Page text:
STEVE TESICH IS A TOM STOPPARD FAN. I know this because On the Open Road, a Tesich play now being staged by the Repertory Actors Theater, baldly apes Stoppard's Rosencrantz & Guildenstern Are Dead, itself a riff on Waiting for Godot (a fact also not lost on Tesich, a smart writer who won an Oscar for writing the film Breaking Away). Stoppard's endearing buffoons banter about life, art, and purpose in pursuit of an elusive Hamlet. Al and Angel, Tesich's apocalyptic mates, banter similarly on a timeless landscape of Civil War, and cart around art masterpieces in pursuit of freedom, and, ultimately, Jesus. Tesich, however, is no Stoppard, and his reach far exceeds his grasp, though occasionally the reach is worth the ride.

Boasting truly fine design work (war-ravaged set and costumes by John McDermott and Craig Labenz, respectively, with lighting by Jason Meininger and sound by Jeremiah Bennett), this production comes to us with effusive program notes commending the courage of the show in surviving its two lead actors "literally stepping in at the last minute." It is not unfair of me to say, then, that some of the strain shows. Alan DiBona's direction is shapeless and often vacillates in tone; dramatic shifts come out of nowhere because DiBona and cast haven't worked up to them. David A. Lewis' solid performance as Al, the aesthete, is thisclose to hitting the mark (another week and he'll be there), but Paul Ray seems lost and overly eager as Angel.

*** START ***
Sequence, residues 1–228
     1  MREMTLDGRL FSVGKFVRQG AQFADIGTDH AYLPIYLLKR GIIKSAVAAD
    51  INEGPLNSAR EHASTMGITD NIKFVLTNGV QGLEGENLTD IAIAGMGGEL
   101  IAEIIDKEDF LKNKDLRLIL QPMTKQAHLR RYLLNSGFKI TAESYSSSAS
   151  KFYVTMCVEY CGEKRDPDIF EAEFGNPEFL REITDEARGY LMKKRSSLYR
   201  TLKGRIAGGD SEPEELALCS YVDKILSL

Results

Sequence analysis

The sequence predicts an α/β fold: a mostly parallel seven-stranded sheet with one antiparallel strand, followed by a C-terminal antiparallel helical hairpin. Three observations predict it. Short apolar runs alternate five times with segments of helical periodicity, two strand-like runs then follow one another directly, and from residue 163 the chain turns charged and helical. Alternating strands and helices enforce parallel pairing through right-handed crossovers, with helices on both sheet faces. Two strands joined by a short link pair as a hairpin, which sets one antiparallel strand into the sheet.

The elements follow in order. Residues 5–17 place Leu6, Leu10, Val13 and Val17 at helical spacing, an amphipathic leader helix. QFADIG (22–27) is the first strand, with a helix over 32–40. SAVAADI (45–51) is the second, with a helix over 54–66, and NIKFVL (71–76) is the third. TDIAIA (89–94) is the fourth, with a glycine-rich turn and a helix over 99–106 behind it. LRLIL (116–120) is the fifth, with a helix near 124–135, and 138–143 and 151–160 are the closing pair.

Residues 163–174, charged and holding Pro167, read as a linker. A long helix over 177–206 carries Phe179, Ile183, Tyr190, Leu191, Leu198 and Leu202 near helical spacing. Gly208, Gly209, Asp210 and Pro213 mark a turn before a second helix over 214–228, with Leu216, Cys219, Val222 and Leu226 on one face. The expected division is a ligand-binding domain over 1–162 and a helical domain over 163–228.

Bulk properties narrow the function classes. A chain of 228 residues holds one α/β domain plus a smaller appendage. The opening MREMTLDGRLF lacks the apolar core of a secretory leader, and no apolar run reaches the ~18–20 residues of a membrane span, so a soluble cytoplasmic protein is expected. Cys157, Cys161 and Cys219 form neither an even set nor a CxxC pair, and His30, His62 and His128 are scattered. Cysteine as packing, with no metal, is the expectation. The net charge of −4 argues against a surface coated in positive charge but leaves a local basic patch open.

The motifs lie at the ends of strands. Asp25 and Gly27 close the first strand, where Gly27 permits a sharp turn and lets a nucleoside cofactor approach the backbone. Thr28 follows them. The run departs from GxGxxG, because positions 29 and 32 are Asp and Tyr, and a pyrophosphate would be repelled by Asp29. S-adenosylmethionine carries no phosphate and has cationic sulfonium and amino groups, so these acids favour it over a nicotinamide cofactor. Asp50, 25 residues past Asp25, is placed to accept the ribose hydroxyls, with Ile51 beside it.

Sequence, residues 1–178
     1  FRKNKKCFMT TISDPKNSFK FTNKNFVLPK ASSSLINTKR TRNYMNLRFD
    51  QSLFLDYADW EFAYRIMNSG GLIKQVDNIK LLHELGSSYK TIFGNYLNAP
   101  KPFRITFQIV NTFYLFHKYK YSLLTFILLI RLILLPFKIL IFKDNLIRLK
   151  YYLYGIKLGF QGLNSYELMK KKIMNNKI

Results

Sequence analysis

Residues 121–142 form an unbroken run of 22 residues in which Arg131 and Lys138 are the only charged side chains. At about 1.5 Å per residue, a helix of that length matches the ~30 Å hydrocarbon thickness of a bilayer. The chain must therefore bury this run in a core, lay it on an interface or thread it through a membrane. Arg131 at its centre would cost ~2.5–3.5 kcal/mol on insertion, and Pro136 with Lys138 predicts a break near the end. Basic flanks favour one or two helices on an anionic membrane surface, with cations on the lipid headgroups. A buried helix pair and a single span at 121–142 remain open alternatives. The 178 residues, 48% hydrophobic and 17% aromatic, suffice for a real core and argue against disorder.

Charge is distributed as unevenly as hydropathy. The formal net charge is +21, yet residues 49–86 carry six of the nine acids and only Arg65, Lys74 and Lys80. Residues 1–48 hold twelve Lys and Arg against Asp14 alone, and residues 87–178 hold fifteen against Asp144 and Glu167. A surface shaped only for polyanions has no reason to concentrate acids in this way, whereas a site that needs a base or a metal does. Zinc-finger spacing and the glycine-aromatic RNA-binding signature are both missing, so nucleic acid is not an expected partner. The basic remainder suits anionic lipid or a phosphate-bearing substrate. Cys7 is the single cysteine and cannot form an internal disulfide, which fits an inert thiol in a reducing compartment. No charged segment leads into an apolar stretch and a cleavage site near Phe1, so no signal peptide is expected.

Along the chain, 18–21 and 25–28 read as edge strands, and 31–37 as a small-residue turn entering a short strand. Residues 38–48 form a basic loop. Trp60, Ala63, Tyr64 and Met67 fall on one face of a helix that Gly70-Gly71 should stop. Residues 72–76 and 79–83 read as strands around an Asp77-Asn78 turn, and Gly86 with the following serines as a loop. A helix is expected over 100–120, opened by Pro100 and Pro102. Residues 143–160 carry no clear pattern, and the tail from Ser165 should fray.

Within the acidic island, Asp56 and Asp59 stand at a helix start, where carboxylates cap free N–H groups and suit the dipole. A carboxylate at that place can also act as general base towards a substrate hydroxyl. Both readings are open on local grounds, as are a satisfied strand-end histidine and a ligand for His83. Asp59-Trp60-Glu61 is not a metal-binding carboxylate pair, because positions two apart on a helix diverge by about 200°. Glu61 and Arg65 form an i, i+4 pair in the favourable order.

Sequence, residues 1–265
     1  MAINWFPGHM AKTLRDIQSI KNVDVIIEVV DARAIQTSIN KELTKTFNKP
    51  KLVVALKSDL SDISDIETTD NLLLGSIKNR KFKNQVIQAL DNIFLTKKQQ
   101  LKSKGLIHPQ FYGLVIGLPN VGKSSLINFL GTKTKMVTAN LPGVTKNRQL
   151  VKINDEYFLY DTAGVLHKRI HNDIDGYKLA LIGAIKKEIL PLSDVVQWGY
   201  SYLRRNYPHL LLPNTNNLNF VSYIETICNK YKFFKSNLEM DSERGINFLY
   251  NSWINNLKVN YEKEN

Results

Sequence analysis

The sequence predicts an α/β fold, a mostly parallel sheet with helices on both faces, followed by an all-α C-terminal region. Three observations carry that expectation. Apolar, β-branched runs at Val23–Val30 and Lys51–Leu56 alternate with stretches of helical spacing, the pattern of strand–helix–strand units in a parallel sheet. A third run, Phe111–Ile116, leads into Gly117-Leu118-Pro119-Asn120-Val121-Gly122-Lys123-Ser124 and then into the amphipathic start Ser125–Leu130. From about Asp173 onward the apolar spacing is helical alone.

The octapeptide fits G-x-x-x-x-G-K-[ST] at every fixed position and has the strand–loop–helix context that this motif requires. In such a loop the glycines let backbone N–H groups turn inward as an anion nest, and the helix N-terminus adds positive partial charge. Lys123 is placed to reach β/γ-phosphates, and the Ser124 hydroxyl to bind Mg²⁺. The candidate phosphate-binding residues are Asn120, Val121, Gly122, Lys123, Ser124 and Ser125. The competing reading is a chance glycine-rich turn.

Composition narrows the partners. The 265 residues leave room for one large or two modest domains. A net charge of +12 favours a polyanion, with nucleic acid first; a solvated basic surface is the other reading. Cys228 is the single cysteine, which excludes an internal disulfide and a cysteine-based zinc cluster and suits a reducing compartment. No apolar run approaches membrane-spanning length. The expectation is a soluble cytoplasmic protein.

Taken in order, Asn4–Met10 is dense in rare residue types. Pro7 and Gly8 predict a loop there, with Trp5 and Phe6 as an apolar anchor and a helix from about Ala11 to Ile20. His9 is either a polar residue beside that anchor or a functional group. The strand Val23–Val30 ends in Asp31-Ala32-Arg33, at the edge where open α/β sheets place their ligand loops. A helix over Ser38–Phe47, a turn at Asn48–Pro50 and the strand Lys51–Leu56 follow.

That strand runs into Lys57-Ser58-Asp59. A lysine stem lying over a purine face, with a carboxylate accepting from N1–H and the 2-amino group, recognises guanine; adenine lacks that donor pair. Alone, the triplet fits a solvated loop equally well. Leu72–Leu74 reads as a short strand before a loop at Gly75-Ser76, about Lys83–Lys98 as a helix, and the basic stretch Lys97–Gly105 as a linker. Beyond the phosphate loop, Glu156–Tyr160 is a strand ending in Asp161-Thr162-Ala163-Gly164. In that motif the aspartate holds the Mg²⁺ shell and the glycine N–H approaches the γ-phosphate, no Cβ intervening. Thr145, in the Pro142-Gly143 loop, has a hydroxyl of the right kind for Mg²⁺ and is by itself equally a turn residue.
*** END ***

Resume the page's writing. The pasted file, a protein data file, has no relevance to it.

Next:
The playwright, meanwhile, is busy elbowing us in the ribs with his Deeper Meaning. Long before a monk (Scott Nath) taps at the proverbial fourth wall with a rant about being in a theater audience, it becomes obvious that Tesich is going to explain everything. Stoppard transcends cleverness until something larger and unexpected blossoms, but Tesich ensnares himself in the branches of ripe epigrams hoping to be plucked ("Man is chaos. Art never is," and so on). It's too bad, because there's something quite lovely about what he's trying to do, echoed by the earnest ambitions of this production. In a moving moment near the end, Al turns to Angel and quietly confesses his happiness that, though he's read and understood everything from the Torah to the Koran, "I don't get you." Somewhere in the clutter of Tesich's words and the scrappiness of DiBona's company is the centuries-old but still timely idea that the most complex and priceless work of art is a human being.